3. While I do review books for a magazine, I try to keep up with what is coming out so that I can coordinate my reviews with the release, or upcoming release of the book. Because I don’t like loose ends, and because I review 2 books per column, the slots fill up fast. (I already have book selected that take my through my July column.) I have a process for book reviews. Spamming me does not make me want to open up a slot for your book.
4. All the time I have to read and critique stories (which isn’t much, I assure you) is dedicated to a very small group of writer friends who read my stories in return and whose professional opinions on craft and the business I trust. I simply have no time to read and comment on stories by people I don’t know, especially those who spam me.
5. I was once an unpublished writer with no connections in the field whatsoever, and I know that it can be difficult to get your work noticed. What I’ve learned, is that hard work (write everyday, read a lot) and persistence (keep writing, keep submitting) pays off in the end, if you have a shred of talent as a writer. If not, well, it’s important to know what you are not good at. In the 14 years of writing and submitting before I was ever published, I think I asked one professional writer1 if they would look at a story of mine (something which fills me with horror, when I look back on it). It was very early in my efforts, within the first 6 months of getting started. And I never, ever spammed anyone. (Of course, the whole concept of “spamming” really didn’t exist when I was starting out.)
I realize that a post like this will not stem the tide of these types of requests, but putting up one of these reminders every now and then makes me feel better.
- Piers Anthony. ↩
Welcome to the surprisingly potent world of the novelette. Too long to be a short story, too short to be a novel: the award-winning magazine Orson Scott Card’s InterGalactic Medicine Show (IGMS) has been an online haven for this powerful form of storytelling since 2005. Now the magazine’s editors have selected their all-time favorite science fiction novelettes and gathered them together in one Big Book of reading pleasure: IGMS: Big Book of SF Novelettes.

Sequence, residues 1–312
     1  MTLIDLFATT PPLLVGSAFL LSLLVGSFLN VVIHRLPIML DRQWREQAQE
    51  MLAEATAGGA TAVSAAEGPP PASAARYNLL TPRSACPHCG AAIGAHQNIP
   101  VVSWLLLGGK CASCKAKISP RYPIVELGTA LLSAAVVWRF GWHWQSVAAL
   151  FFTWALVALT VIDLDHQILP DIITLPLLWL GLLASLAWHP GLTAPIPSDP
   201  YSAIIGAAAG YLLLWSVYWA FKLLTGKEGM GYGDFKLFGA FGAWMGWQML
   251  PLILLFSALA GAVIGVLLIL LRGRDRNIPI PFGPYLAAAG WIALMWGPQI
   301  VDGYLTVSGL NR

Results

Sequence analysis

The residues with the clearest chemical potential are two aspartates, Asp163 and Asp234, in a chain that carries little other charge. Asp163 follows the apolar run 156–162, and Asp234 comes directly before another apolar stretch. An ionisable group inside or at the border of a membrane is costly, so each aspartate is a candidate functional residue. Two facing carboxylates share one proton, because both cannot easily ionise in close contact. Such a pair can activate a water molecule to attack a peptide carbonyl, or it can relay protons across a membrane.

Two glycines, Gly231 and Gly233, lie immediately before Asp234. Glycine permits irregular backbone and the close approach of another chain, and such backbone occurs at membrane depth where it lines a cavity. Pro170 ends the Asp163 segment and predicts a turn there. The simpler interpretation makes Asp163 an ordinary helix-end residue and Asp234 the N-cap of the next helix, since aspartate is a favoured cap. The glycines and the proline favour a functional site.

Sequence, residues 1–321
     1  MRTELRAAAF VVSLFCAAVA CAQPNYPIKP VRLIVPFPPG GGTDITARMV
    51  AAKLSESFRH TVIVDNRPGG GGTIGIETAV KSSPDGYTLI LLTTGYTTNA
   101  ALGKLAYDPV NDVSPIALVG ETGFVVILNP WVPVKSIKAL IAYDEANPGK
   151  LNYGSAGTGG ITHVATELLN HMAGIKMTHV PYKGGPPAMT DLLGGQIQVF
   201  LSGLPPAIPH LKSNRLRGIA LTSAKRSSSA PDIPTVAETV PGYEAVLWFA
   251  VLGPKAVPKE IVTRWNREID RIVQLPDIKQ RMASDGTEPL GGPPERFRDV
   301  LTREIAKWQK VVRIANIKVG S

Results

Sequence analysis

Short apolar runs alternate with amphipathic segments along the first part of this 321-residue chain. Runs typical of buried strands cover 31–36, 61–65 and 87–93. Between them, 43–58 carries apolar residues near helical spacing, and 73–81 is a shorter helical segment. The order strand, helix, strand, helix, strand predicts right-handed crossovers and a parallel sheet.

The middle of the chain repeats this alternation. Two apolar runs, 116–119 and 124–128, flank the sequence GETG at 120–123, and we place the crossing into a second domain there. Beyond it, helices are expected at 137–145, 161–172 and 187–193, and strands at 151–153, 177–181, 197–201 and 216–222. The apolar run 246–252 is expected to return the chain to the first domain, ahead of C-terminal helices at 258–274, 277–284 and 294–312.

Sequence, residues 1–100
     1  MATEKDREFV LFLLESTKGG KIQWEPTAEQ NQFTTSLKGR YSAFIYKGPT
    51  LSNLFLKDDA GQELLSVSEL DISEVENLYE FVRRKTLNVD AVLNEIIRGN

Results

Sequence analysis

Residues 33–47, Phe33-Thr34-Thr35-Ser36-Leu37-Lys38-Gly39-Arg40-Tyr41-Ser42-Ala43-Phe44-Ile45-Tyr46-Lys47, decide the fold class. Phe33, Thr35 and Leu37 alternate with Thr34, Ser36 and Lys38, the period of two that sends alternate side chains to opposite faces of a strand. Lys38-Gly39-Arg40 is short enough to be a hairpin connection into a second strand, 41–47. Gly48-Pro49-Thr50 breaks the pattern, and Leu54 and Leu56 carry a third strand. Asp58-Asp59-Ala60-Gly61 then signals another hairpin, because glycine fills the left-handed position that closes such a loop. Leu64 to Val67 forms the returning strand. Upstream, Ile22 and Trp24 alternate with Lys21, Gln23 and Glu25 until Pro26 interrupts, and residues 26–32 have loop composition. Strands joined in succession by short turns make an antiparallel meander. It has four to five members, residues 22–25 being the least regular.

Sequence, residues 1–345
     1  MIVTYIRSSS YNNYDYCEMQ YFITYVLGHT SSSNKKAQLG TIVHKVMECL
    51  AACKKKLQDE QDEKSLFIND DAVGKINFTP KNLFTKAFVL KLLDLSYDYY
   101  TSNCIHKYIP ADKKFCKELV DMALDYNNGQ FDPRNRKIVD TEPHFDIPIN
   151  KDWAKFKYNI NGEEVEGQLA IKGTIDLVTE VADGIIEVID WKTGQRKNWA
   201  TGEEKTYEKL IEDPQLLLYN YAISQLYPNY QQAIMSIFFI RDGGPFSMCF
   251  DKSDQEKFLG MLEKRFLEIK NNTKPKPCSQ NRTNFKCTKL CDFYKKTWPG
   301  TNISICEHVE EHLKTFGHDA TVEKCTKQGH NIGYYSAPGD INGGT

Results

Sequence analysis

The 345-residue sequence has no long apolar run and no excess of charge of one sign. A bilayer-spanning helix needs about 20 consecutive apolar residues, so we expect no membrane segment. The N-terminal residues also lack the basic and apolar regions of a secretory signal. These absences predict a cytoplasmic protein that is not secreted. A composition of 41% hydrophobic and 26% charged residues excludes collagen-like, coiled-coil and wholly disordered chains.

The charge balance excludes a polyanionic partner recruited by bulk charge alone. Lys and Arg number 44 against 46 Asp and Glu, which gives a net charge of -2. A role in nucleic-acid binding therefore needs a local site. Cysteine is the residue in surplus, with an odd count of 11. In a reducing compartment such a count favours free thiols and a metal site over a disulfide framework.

Anything that is remotely possible: Futures near and far, artificial intelligence and alien encounters, alternate time-lines and alternate theories about creating universes, planet-eating black holes and lunar race-tracks. It’s all here, under the big tent of Orson Scott Card’s InterGalactic Medicine Show…
Featuring stories by award-winning authors including Orson Scott Card, Wayne Wightman, Aliette de Bodard, Eric James Stone, Mary Robinette Kowal, Stephen Kotowych, Jackie Gamber, Greg Siewert, Jamie Todd Rubin, Brad Torgersen, and Marina J. Lostetter.
It is very cool to see my story reprinted, but even better is the company with whom the story appears. The book’s cover is based on a fantastic piece of cover art by Howard Lyon for Mary Robinette Kowal’s story.
The e-book version of the book is available on Amazon today. A print edition of the book will be available through Amazon and other outlets beginning in January. If you are looking for some terrific science fiction novelettes, consider checking out this book.
— Ser Darth KotUC (@capclave) December 2, 2013
The meeting is held in Arlington, Virginia. Full details are available on the WSFA website. I’ll most likely be reading my story, “Big Al Shepard Plays Baseball on the Moon” which I recently sold and will be appearing sometime in 2014.
You can read the article for free at their website, along with some great science fiction and fantasy, including stories by Robert Reed, Joe Haldeman, and Maureen F. McHugh. And if you enjoy what you read, you should consider subscribing to this fantastic magazine.